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Data warehouses are quite long in the tooth. The fundamental idea is that most enterprises have built up various applications to automate their basic business processes, which have grown independently, resulting in multiple versions of data. In the past, for those who wanted to see what sales revenues or profitability was by product line or region, the inconsistent data was a major headache.
The original concept of a data warehouse, in essence, was to copy key data from various transaction systems, resolve inconsistencies and produce a clean data set that could be easily analyzed. This process was usually done with periodically run programs that would keep the data warehouse up to date as new data was ingested.
The history of the data warehouse environment
There are many components to keeping a data warehouse environment up and running. It requires data extract programs, and the data warehouse has to be designed with its own schema. A modern data warehouse also requires further programs to resolve competing versions of contextual data with business rules to decide hierarchies for the master version of the data.
One historical challenge was that the data warehouse was similar to a building constructed on the shifting sands of the underlying operational systems. When these systems changes significantly -- for example, in a reorganization or a business acquisition -- the structure of the data warehouse needed to change to reflect underlying business changes. If the pace of business change was too great, the data warehouse could become unreliable for a time, undermining business confidence in the analytics produced from it.
The data warehouse is still an important part of the data pipeline. Learn about modernization approaches, data warehouse jobs and its changing role in analytics.
Data marts sprang up in order to get around this issue. But unless data marts are carefully generated in sync with data from the warehouse, they may compete with it and produce multiple versions of the truth. Various data warehouse designs arose in order to address this instability, with star schemas, snowflake schemas and others advocated by technology gurus like Bill Inmon and Ralph Kimball.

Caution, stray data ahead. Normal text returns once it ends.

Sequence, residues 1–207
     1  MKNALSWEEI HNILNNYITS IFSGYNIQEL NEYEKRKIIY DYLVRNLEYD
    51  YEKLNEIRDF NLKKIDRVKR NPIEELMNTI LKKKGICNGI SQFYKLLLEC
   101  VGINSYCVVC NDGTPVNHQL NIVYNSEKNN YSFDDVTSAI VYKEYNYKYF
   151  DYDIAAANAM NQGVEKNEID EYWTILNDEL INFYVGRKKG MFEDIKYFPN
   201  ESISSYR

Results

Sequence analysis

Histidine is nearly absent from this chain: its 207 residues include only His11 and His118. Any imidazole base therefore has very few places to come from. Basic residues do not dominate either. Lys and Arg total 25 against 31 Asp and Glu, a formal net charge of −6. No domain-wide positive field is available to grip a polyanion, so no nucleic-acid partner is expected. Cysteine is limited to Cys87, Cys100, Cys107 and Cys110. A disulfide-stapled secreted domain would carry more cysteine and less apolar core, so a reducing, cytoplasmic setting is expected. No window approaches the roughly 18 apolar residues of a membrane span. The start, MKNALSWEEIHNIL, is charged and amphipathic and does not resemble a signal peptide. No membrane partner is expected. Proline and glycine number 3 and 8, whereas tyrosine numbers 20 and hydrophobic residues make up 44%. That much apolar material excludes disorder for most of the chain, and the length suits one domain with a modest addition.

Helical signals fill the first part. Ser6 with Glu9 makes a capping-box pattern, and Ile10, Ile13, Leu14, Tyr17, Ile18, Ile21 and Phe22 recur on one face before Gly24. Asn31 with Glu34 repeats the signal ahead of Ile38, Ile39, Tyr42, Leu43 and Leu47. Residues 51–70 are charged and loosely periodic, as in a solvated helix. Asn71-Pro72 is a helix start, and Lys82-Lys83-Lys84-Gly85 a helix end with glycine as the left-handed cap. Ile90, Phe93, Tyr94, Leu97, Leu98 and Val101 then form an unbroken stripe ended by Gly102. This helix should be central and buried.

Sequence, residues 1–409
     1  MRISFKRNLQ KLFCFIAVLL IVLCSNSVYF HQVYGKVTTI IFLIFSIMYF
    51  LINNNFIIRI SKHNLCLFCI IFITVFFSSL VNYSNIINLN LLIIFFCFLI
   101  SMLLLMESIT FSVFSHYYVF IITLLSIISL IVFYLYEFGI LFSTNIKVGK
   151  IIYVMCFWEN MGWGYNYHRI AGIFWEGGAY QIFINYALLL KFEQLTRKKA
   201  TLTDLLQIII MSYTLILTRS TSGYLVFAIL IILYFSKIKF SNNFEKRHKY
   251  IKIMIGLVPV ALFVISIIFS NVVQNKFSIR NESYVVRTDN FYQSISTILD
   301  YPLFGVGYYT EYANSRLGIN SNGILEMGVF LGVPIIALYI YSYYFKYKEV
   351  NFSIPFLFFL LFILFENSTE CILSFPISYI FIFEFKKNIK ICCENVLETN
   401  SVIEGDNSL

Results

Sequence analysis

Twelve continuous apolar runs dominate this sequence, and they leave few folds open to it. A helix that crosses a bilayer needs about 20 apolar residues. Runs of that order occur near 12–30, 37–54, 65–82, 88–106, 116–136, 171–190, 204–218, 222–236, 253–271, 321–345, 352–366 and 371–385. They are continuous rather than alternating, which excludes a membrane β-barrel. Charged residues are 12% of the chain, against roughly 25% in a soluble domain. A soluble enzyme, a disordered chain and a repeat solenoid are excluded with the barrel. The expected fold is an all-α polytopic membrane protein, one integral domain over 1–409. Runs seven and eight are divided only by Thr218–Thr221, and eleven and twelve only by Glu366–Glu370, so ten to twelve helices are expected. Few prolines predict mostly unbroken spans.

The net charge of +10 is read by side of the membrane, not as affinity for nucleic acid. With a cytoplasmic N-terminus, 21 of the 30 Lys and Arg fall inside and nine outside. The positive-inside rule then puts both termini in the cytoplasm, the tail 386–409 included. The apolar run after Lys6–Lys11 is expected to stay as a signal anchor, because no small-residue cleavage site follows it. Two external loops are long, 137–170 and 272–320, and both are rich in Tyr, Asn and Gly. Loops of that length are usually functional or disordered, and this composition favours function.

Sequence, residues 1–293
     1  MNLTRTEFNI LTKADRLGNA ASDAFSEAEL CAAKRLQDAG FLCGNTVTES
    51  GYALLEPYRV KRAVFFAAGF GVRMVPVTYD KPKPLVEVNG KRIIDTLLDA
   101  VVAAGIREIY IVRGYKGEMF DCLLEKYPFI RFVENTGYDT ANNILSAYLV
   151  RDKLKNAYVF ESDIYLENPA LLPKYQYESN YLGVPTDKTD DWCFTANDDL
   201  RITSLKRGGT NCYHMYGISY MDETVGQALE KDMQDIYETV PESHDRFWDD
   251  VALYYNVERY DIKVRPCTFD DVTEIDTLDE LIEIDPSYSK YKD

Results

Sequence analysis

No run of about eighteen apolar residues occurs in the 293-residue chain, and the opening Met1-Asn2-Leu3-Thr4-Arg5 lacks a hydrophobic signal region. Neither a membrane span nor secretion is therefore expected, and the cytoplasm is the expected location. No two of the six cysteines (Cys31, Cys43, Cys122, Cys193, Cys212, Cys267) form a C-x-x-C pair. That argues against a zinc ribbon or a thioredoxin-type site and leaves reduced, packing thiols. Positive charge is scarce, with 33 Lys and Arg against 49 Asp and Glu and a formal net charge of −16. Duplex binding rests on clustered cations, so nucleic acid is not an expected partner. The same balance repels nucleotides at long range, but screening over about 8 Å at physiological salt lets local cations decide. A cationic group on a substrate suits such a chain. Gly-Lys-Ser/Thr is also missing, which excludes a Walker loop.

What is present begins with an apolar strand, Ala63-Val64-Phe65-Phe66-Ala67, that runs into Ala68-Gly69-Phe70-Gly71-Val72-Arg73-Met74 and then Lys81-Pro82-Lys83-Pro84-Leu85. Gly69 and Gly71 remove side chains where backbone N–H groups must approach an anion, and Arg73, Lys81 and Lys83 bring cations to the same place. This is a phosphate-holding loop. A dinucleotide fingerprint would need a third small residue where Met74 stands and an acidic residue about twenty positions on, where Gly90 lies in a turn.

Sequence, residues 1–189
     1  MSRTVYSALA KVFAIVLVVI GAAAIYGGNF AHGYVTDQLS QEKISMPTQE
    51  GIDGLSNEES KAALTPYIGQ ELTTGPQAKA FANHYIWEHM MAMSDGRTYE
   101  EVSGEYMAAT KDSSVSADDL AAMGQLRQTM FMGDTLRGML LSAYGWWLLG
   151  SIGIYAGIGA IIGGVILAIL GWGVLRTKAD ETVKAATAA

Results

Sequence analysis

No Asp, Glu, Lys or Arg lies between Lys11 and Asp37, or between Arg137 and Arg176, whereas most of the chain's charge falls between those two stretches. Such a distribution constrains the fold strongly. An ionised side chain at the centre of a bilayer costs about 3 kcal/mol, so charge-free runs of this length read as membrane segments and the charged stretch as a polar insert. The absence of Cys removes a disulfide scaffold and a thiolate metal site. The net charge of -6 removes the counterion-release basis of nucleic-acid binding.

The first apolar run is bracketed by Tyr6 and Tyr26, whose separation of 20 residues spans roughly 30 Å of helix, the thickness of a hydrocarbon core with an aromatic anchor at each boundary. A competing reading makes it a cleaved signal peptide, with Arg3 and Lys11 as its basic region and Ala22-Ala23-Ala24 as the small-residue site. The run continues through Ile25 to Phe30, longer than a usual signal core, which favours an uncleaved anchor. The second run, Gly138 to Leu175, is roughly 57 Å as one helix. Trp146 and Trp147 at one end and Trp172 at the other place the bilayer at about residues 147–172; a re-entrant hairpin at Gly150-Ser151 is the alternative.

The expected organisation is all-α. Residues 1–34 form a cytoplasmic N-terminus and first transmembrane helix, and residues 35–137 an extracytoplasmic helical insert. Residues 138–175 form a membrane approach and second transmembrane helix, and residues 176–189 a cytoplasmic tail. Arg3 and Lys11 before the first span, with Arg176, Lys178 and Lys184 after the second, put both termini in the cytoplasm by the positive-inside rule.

The field of master data management emerged, hoping to corral the increasingly complex set of business-context data, which often had a separate database that could operate in concert with a data warehouse. Wrangling different versions of product hierarchies required business input, leading to data governance in data warehouses to provide processes that enabled business control of such master data.
The added complexity, on top of the sheer volume of data, became a problem. Far more elaborate query and analytic tools were eventually developed, themselves often requiring their own metadata layers to represent business views on top of the data warehouse.
The whole business of extracting, transforming and loading (ETL) data spawned an industry of data integration tools. These tools automated processes and had their own proprietary scripts, adding additional components to the data warehouse environment that needed to be handled.
Data warehouse modernization
Attempts have been made over the years to bring some order to the menagerie of components that constitute an enterprise data warehouse environment. In order to modernize the increasingly creaky monolith, vendors have attempted to produce prebuilt templates and data warehouse generators. Examples of these include Idera, Magnitude and Attunity. Though undeniably successful in certain use cases, none of these have achieved market dominance.
Additionally, DevOps and DataOps endeavor to help with data warehouse schema evolution and other aspects of the whole process of making a data warehouse environment operational in a controlled way.
Despite the valiant efforts of innovative vendors, there is no silver bullet for data warehouse modernization.
Large enterprises have invested a lot of money in corporate data warehouses and their associated environments, and the sheer bulk of processes, programs, scripts and schemas is a significant barrier to moving forward. Overcoming the inertia of current practices among database administrators and IT staff is also a factor.
Since companies depend on data warehouses for much of their analytics, it is hard to migrate. Restructuring an operational data warehouse environment is like a mechanic trying to make an engine upgrade to a car in motion. Nonetheless, data warehouse automation tools and the modern DataOps market are doing their best to enable enterprises to modernize their data warehouse environments.